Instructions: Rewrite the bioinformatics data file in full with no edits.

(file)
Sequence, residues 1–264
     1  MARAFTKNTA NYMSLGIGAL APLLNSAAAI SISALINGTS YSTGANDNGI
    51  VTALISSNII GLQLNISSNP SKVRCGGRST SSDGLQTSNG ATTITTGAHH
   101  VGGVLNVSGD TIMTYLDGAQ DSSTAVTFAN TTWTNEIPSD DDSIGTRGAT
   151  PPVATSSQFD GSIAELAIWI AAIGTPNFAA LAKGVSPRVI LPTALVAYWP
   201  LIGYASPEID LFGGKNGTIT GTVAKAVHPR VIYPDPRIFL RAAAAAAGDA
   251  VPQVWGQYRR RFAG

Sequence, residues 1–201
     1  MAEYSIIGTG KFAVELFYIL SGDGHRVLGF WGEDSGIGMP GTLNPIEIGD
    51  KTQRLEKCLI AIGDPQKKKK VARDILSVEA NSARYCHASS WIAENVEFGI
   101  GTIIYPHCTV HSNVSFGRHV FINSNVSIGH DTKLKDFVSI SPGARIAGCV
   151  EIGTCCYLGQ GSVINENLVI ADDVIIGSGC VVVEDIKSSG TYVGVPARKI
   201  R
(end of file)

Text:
Sequence, residues 1–264
     1  MARAFTKNTA NYMSLGIGAL APLLNSAAAI SISALINGTS YSTGANDNGI
    51  VTALISSNII GLQLNISSNP SKVRCGGRST SSDGLQTSNG ATTITTGAHH
   101  VGGVLNVSGD TIMTYLDGAQ DSSTAVTFAN TTWTNEIPSD DDSIGTRGAT
   151  PPVATSSQFD GSIAELAIWI AAIGTPNFAA LAKGVSPRVI LPTALVAYWP
   201  LIGYASPEID LFGGKNGTIT GTVAKAVHPR VIYPDPRIFL RAAAAAAGDA
   251  VPQVWGQYRR RFAG

Sequence, residues 1–201
     1  MAEYSIIGTG KFAVELFYIL SGDGHRVLGF WGEDSGIGMP GTLNPIEIGD
    51  KTQRLEKCLI AIGDPQKKKK VARDILSVEA NSARYCHASS WIAENVEFGI
   101  GTIIYPHCTV HSNVSFGRHV FINSNVSIGH DTKLKDFVSI SPGARIAGCV
   151  EIGTCCYLGQ GSVINENLVI ADDVIIGSGC VVVEDIKSSG TYVGVPARKI
   201  R